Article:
Some forensic services are delivered in the community, and others involve secure care in a mental health facility.
Special patient refers to a legal category of forensic services clients who have come into the forensic service via the criminal justice system, either through remand or trial outcomes (as explained above), or who have been transferred from prison because they have been assessed as needing treatment for mental illness.
It should be emphasised that not all special patients have a history of violent offending.
Some categories of special patients may be given periods of leave in the community, following strict legal and clinical criteria (section 50, Mental Health [Compulsory Assessment and Treatment] Act 1992).
Restricted patients use forensic mental health services, though they have usually entered via mental health services rather than criminal justice. They are seen as presenting special difficulties because of the danger they present to the public. Their rights, such as those relating to conditions of leave, are curtailed more severely than if they were committed patients. Their review procedures are similar to those of special patients. There are only a very few restricted patients in New Zealand.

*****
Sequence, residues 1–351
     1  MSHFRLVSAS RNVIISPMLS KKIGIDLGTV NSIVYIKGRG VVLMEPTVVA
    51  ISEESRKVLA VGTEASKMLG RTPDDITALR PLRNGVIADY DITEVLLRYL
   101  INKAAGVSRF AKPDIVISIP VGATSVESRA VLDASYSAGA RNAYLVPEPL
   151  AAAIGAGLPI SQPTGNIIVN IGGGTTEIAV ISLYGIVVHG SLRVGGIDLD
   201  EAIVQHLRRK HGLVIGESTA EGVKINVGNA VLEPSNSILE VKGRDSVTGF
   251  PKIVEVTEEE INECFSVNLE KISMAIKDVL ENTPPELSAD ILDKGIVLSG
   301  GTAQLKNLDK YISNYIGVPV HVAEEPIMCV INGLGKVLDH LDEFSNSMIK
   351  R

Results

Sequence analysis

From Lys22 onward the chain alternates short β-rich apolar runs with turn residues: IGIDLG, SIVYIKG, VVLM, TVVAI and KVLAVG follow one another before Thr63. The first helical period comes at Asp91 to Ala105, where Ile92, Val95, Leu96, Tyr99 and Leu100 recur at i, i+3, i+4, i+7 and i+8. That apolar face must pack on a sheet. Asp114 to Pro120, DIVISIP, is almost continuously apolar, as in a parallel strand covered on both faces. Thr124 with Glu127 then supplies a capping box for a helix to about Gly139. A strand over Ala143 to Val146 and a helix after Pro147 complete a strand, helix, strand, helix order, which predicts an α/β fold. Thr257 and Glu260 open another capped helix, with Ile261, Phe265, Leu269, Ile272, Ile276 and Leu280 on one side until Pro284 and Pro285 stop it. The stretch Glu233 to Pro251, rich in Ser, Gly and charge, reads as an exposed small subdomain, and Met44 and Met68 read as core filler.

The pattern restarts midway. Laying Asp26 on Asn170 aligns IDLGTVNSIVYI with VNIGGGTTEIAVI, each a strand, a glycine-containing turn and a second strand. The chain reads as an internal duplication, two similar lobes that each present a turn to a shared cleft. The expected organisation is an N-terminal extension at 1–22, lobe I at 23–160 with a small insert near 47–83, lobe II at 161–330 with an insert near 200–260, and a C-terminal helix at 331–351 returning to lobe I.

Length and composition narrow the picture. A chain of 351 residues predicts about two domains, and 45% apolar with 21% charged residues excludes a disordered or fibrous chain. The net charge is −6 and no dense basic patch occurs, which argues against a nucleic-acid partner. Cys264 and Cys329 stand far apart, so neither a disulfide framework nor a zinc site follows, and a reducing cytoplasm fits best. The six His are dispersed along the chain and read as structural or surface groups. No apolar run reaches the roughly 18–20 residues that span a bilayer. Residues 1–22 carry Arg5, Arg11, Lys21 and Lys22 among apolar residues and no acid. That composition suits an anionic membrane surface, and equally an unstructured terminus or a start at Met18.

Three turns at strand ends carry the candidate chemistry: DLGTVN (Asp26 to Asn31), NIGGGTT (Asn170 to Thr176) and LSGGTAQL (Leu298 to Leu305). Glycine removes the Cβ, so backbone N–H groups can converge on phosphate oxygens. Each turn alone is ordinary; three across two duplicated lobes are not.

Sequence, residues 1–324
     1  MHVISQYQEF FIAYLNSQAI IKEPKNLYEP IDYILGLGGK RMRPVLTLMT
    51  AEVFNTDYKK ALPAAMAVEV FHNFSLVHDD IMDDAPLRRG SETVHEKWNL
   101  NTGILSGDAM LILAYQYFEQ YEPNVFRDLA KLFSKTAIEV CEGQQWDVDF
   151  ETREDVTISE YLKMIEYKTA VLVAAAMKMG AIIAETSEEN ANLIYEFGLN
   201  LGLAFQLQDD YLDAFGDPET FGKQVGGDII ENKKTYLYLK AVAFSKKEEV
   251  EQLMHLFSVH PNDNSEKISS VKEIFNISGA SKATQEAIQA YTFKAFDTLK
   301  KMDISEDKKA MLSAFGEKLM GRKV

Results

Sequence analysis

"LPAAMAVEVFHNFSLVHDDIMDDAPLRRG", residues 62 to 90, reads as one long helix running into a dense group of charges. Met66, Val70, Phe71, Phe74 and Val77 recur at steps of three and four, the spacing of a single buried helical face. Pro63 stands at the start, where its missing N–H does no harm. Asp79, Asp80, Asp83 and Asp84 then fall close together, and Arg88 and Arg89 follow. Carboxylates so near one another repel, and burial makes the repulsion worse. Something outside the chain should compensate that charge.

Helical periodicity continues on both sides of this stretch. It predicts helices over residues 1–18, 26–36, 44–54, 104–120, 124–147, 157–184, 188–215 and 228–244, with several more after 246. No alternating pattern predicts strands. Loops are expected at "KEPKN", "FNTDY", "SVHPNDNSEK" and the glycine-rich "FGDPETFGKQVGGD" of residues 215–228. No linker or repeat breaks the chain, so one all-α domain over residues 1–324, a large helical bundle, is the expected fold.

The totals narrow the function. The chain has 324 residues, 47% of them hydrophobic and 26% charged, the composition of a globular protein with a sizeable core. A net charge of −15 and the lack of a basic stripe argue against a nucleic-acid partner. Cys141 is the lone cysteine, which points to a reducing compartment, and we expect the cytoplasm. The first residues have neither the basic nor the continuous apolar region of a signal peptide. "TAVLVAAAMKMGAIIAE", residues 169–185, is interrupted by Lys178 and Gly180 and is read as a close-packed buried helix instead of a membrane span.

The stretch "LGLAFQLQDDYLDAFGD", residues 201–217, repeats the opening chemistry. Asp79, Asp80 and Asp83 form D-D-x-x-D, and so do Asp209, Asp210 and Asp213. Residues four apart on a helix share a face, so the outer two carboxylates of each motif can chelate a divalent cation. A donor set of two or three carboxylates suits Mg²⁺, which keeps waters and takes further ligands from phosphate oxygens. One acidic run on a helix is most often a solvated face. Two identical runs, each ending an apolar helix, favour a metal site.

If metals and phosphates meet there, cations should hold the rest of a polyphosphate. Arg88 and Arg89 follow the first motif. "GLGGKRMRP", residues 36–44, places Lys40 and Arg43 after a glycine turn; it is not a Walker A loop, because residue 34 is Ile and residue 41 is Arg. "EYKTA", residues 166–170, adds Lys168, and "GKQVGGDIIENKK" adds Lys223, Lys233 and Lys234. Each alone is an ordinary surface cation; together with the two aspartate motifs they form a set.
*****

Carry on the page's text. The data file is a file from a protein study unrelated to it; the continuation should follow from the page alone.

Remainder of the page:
Disclaimer: This information sheet is not a legal guide; it has been designed as a simple overview of the New Zealand situation, to assist those involved with the media and mental health issues. Mental health law is a complex area and cannot adequately be conveyed in a brief publication. The following publication was particularly useful in preparing this document: Sylvia Bell and Warren Brookbanks, Mental Health Law in New Zealand (Wellington, Brookers, 1998). Thanks also to those who gave advice on drafts.
For further information contact:
Mental Health Commission, www.mhc.govt.nz, firstname.lastname@example.org, Ph: 04 4748900, Fax: 04 4748901, PO Box 1212479, Thorndon, Wellington